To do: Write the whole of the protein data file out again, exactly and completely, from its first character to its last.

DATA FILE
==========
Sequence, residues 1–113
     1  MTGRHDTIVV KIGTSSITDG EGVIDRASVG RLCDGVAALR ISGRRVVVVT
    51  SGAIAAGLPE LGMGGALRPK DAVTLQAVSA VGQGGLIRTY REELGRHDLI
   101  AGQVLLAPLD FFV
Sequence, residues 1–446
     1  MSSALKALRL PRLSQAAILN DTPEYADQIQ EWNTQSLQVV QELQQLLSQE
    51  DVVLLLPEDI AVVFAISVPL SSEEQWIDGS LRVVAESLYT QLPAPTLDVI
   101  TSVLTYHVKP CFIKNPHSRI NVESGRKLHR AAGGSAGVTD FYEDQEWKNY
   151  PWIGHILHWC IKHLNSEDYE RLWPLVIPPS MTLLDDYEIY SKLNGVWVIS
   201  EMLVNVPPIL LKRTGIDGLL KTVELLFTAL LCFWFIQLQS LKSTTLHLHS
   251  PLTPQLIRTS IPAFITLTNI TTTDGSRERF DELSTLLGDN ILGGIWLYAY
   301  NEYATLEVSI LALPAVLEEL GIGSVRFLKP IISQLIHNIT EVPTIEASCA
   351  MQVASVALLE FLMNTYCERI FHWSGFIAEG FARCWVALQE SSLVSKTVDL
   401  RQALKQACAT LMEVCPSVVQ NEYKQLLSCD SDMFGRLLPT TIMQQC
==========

Sequence, residues 1–113
     1  MTGRHDTIVV KIGTSSITDG EGVIDRASVG RLCDGVAALR ISGRRVVVVT
    51  SGAIAAGLPE LGMGGALRPK DAVTLQAVSA VGQGGLIRTY REELGRHDLI
   101  AGQVLLAPLD FFV
Sequence, residues 1–446
     1  MSSALKALRL PRLSQAAILN DTPEYADQIQ EWNTQSLQVV QELQQLLSQE
    51  DVVLLLPEDI AVVFAISVPL SSEEQWIDGS LRVVAESLYT QLPAPTLDVI
   101  TSVLTYHVKP CFIKNPHSRI NVESGRKLHR AAGGSAGVTD FYEDQEWKNY
   151  PWIGHILHWC IKHLNSEDYE RLWPLVIPPS MTLLDDYEIY SKLNGVWVIS
   201  EMLVNVPPIL LKRTGIDGLL KTVELLFTAL LCFWFIQLQS LKSTTLHLHS
   251  PLTPQLIRTS IPAFITLTNI TTTDGSRERF DELSTLLGDN ILGGIWLYAY
   301  NEYATLEVSI LALPAVLEEL GIGSVRFLKP IISQLIHNIT EVPTIEASCA
   351  MQVASVALLE FLMNTYCERI FHWSGFIAEG FARCWVALQE SSLVSKTVDL
   401  RQALKQACAT LMEVCPSVVQ NEYKQLLSCD SDMFGRLLPT TIMQQC